Population Trends Among The Elderly In America


The “Aging of America” is a familiar theme. Almost everyone knows that our population is growing collectively older, and that seniors are the fastest growing segment of our society.

Aging Americans are not monolithic, however. A number of demographic trends appear among the increasing numbers of the elderly.

The dimensions of the change in society are astonishing. Although only one in twenty-five Americans was over the age of 65 at the turn of the last century, one in eight are at least that old today. Shortly after the next turn of the century, “Baby Boomers” will begin to join the ranks of the elderly, and one in five Americans will be elderly by the time the last Boomers turn 65 in the year 2030.

Older Americans will be increasingly diverse in coming decades. Although about 10% of seniors are members of at least one minority group today, that percentage will double in 50 years. Hispanics, for example, will increase from 4% of the elderly population to 16%. But the biggest increases in the elderly population will continue to be among the oldest Americans.

Since 1960, the country’s population has increased by about 45%. The number of over-65 Americans doubled in the same period. But the over-85 crowd has almost quadrupled in the same period. And those trends will continue; by 2050, the number of over-85 Americans will increase by over 500%, and the ratio of over-85s to over-65s (currently about 9%) will triple.

Women live longer than men and so make up a majority of the elderly. In the first five years after age 65, women outnumber men 6 to 5; among 85-year-olds the ratio is 5 to 2. And women are more likely than men to require assistance with activities of daily living, and to live in nursing homes.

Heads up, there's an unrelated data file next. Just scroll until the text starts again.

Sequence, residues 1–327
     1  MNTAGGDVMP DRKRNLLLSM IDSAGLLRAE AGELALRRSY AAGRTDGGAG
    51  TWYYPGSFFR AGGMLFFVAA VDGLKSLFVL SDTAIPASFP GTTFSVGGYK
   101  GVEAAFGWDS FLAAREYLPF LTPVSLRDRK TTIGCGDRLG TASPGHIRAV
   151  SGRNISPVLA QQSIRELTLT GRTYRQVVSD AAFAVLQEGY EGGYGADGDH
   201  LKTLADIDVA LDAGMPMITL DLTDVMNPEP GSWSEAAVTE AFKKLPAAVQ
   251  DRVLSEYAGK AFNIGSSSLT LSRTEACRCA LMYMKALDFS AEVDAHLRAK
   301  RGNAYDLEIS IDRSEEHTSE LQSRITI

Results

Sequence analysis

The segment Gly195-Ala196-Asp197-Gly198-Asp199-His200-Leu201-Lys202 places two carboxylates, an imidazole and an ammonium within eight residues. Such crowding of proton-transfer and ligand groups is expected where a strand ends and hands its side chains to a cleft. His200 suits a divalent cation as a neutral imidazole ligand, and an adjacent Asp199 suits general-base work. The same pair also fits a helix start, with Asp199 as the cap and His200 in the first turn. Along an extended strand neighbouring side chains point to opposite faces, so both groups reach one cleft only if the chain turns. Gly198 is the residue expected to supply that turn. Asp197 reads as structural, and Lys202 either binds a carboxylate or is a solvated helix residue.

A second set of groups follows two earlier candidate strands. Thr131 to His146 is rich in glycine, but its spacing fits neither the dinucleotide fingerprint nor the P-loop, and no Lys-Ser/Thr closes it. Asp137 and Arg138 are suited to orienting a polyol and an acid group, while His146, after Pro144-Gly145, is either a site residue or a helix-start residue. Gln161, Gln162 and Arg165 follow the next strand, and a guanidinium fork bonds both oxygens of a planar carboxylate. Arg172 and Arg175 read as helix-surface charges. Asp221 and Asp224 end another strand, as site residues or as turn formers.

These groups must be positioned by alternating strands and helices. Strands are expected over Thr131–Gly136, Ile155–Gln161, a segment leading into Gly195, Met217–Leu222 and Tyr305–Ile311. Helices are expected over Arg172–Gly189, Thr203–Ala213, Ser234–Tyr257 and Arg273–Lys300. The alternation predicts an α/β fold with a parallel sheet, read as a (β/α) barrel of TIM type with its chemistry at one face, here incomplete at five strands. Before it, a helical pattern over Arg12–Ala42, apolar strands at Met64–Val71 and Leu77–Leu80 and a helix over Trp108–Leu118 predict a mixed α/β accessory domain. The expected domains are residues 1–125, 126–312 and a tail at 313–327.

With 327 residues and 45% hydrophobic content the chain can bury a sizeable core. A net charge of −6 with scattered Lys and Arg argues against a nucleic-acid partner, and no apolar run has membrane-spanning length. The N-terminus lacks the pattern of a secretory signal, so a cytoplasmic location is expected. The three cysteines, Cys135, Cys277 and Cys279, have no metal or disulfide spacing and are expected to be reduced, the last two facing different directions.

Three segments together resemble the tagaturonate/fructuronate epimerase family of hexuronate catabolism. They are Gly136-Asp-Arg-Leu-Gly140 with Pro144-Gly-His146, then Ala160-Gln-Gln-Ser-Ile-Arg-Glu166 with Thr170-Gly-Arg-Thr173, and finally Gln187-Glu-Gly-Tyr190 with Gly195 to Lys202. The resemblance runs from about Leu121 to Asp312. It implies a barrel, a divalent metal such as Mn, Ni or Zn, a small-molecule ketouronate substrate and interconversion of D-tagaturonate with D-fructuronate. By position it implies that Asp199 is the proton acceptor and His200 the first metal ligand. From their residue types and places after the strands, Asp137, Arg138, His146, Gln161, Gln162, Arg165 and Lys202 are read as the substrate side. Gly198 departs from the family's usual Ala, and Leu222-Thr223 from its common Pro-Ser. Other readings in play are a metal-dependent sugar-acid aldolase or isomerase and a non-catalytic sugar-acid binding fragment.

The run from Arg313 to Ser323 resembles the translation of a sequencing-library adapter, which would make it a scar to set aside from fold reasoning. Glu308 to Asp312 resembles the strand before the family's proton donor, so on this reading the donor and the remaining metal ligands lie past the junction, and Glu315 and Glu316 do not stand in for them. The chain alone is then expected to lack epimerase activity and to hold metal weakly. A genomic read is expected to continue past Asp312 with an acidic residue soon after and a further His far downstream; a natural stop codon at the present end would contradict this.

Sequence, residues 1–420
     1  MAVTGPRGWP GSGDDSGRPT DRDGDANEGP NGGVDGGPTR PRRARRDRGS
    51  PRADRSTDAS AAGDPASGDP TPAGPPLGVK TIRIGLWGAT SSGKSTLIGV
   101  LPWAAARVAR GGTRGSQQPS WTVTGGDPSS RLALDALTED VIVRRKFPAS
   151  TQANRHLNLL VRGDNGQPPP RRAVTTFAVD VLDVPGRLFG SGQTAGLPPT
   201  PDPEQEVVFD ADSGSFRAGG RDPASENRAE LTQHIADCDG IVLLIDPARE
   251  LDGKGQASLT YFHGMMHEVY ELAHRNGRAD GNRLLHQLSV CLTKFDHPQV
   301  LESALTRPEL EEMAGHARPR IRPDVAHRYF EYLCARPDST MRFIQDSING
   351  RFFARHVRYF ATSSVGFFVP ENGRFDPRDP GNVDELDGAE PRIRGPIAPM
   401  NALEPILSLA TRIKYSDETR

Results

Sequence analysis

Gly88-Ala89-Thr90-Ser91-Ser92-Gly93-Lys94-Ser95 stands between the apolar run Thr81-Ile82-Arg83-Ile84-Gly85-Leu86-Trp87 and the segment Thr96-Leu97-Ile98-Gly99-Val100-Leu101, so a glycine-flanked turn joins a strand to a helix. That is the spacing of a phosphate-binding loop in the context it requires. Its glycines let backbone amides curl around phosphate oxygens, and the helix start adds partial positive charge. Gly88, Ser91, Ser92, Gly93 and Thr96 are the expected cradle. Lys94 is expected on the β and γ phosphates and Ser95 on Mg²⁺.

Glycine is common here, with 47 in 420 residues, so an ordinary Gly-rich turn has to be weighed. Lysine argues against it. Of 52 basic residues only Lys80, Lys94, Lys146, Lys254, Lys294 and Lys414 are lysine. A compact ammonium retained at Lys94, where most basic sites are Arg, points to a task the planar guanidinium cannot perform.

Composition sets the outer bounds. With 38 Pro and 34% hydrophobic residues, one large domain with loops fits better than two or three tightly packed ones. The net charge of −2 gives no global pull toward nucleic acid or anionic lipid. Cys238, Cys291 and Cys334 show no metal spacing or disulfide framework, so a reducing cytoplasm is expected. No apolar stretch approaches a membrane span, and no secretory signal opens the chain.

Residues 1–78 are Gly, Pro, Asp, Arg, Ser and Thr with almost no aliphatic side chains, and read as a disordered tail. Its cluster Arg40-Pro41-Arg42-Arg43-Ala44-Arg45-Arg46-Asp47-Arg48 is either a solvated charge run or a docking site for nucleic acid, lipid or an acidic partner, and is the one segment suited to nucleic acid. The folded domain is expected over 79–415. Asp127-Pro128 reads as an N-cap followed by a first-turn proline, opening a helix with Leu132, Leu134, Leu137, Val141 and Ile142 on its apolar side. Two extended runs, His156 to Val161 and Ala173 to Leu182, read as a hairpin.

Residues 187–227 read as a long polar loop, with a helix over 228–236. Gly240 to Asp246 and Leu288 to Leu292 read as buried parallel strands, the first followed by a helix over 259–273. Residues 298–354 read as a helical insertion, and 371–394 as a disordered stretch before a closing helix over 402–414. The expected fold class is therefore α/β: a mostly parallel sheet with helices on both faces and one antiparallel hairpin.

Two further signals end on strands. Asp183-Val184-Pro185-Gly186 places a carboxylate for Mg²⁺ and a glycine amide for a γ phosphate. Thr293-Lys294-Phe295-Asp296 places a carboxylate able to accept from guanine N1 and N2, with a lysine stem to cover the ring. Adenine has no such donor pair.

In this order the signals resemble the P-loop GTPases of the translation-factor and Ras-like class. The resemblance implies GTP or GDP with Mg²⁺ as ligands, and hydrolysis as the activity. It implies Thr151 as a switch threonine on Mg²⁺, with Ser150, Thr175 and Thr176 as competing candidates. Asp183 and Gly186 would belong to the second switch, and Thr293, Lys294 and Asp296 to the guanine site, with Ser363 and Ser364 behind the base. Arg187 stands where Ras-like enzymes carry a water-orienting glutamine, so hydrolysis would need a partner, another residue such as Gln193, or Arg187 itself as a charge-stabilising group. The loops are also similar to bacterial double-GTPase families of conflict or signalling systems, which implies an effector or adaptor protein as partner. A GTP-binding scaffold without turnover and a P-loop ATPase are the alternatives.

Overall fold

The “old old” are more likely to need help. About 1% of those aged 65 to 74 live in nursing homes today; among those over age 85, that figure increases to 25%. Half of the “old old” need help with activities of daily living, while only 9% of those 65 to 74 require assistance.

As the population ages, demands for nursing care and nursing home placements should be expected to increase, both in absolute terms and as a proportion of all health care needs and spending.

Q & A

Q: The attending physician for one of our nursing home patients has recommended both “Do Not Resuscitate” (DNR) and “Do Not Hospitalize” (DNH) orders. The patient’s court-appointed guardian agrees. Our corporate policy seems to require that someone secure Court approval before the orders can be entered. Can this be the law?

A: No. Under Arizona law, a guardian has the power to make medical decisions for her ward, including the power to sign necessary consents and authorizations. In fact, it is clear (thanks to theRasmussen v. Fleming case) that a guardian can even authorize removal of feeding tubes in appropriate cases.

Arizona statutes do not specifically address DNR or DNH orders. There is provision, however, for a “Prehospital Medical Care Directive,” better known as the “orange form.” By executing an “orange form” a competent patient can express her wishes not to be resuscitated by emergency medical personnel, including paramedics. While this is not the same as a DNH order, it does address the same issues as a DNR. Both kinds of orders are “entered” by physicians, though consent of the patient, agent or guardian is required.

Guardians are specifically authorized to execute the “orange form” on behalf of wards. It is clear that a guardian has the power to make medical decisions generally, and the decision to approve a DNR or DNH order specifically.

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